In Bangladesh, many garment workers are extremely poor women who are single mothers. They have usually migrated from rural areas looking for work and opportunities for themselves and their children. With high demand for cheap labour in the garment industry, many of these women work sewing clothes in factories.
They earn very little, and can’t afford to provide care for their children while they are at work. Often without any networks having left their families behind, this sees very young children left alone where they are at risk of accidents and exploitation, and older children working on the streets, often in illegal or dangerous jobs like drug trafficking, to bring in extra money to support the family.
To stop this, TRAID is funding Childhope and local partner Nagorik Uddyog to set up day centres to provide care, education and nutritious food for the most at risk children.
This film provides a snapshot of one of the day centres we have set up looking after younger children. It was shot by award winning documentary makers the Rainbow Collective who work regularly in Bangladesh to capture and raise awareness of the exploitation endemic in the country’s booming textile sector which is manufacturing mainly for export to the UK, Europe and the US. Watch it here.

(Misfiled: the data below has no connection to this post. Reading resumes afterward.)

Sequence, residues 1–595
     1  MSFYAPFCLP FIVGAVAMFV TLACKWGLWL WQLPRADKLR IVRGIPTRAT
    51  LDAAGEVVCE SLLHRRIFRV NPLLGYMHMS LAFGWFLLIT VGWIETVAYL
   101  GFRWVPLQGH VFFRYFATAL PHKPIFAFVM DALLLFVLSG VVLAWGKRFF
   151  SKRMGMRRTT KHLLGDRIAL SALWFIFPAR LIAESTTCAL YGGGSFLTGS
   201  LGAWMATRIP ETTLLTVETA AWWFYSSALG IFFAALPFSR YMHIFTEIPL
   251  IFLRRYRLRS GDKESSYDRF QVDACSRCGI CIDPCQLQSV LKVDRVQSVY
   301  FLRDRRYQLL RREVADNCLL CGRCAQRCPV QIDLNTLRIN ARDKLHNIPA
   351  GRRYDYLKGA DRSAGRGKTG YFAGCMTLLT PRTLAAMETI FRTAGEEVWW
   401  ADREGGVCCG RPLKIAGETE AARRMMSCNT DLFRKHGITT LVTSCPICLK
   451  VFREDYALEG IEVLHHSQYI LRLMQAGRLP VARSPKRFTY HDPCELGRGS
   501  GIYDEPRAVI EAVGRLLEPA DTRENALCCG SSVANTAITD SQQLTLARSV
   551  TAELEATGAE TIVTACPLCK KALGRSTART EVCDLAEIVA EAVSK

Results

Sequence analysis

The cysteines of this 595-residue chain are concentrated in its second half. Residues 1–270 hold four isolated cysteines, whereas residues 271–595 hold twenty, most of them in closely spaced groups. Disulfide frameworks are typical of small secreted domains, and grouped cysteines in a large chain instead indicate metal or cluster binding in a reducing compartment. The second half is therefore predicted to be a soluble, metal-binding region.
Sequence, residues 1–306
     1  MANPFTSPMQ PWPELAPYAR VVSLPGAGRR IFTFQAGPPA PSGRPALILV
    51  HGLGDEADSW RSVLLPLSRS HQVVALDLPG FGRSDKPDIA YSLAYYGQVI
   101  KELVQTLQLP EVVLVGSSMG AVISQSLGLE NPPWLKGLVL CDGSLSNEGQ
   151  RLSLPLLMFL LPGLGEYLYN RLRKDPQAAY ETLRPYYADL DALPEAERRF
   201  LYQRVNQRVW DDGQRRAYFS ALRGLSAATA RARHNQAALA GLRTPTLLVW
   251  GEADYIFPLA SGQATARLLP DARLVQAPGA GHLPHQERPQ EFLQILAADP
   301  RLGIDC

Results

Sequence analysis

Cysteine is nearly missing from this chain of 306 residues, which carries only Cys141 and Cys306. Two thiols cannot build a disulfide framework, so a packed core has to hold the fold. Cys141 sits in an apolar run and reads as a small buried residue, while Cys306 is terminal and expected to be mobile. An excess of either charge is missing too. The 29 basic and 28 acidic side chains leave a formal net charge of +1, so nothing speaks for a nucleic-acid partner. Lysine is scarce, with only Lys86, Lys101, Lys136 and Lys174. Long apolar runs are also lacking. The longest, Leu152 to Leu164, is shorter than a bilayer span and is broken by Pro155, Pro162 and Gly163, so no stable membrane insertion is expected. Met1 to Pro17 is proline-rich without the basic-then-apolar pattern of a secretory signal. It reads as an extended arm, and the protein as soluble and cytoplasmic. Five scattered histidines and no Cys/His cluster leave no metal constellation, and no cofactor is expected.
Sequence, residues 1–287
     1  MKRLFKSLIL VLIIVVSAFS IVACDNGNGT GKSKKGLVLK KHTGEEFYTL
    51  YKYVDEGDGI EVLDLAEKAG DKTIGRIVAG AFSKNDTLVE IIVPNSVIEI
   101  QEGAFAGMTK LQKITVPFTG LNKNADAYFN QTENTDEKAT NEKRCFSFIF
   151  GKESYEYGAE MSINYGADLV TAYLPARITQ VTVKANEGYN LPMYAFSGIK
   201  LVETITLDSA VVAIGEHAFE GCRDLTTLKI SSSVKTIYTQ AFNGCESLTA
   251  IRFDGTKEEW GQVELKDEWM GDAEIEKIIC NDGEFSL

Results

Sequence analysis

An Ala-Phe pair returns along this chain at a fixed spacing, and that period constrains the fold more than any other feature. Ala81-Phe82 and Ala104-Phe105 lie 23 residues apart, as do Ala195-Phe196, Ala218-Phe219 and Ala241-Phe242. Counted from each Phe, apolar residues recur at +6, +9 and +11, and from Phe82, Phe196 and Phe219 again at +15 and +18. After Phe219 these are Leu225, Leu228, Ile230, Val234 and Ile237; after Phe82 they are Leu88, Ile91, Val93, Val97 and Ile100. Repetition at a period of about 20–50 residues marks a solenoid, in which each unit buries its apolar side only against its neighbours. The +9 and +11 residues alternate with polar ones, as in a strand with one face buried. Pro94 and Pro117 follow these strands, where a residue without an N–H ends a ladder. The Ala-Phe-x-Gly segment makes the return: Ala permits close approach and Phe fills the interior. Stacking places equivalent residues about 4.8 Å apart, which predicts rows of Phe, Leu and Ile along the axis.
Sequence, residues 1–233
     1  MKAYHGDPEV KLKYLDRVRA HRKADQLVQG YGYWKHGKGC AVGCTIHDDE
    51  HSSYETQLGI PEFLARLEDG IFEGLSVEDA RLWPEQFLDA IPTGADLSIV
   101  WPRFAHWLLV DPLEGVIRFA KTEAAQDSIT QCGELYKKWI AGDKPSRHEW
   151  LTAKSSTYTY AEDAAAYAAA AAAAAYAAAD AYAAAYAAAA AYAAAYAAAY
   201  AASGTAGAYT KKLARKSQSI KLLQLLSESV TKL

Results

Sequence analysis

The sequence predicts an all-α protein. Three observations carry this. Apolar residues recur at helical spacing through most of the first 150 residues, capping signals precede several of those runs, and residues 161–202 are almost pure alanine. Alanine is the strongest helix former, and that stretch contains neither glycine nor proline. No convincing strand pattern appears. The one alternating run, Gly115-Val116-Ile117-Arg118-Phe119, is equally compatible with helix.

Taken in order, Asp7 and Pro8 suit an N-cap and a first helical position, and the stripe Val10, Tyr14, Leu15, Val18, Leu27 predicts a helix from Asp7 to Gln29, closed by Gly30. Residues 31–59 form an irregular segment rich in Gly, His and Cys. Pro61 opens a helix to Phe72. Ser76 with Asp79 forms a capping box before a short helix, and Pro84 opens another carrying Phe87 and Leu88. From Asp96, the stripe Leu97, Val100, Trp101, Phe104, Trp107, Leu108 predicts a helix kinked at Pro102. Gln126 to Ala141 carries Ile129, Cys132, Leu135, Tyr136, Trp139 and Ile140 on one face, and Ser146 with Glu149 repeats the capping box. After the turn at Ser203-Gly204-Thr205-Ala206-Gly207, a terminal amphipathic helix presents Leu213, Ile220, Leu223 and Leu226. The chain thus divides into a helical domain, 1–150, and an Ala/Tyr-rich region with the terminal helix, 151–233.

You can help us do more by visiting the EMG Initiative #salvaget Pop Up Shop open from 25 July until 3 August at 1 Silver Place, London, W1F 0JW. Many well known designers including Louise Gray, Zandra Rhodes and Giles Deacon have donated remnants of fabrics used in their designs to EMG to create a collection of unique salvaged tee shirts. All the funds raised will go to the project.
Find out more at TRAID, ChildHope and EMG Initiative.